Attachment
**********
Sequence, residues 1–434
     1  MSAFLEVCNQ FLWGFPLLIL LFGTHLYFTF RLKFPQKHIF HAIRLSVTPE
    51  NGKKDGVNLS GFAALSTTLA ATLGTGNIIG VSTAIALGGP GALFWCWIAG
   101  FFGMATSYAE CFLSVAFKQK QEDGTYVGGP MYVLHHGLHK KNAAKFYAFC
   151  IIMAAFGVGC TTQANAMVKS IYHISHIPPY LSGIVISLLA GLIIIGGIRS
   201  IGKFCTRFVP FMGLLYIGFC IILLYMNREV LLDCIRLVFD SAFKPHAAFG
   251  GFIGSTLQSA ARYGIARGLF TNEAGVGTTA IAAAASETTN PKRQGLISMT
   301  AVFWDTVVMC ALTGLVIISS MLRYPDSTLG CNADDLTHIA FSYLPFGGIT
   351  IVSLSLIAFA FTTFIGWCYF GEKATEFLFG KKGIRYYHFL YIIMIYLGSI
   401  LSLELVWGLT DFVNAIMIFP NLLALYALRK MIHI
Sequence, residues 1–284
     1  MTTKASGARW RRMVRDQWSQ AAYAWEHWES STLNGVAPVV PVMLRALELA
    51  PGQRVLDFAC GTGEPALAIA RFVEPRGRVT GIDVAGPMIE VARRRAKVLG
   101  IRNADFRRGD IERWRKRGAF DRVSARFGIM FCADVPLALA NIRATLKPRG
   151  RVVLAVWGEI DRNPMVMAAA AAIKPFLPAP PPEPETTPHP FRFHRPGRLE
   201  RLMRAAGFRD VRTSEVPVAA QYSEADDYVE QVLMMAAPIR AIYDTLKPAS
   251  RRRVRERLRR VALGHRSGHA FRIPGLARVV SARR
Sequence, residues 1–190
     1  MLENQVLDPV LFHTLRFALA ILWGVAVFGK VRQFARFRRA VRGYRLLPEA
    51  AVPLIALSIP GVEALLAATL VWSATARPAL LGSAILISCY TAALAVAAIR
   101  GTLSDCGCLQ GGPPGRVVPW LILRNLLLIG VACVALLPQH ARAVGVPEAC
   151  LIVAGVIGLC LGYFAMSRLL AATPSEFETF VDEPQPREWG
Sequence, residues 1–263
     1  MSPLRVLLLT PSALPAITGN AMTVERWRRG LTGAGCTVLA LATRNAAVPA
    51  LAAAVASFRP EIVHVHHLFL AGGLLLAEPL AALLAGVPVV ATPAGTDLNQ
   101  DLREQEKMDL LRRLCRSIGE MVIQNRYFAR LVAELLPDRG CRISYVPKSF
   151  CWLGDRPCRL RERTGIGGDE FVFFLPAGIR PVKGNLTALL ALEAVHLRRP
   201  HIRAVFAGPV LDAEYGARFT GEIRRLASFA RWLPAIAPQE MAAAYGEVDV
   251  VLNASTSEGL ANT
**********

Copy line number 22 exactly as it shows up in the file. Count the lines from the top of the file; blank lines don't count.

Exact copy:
   151  LIVAGVIGLC LGYFAMSRLL AATPSEFETF VDEPQPREWG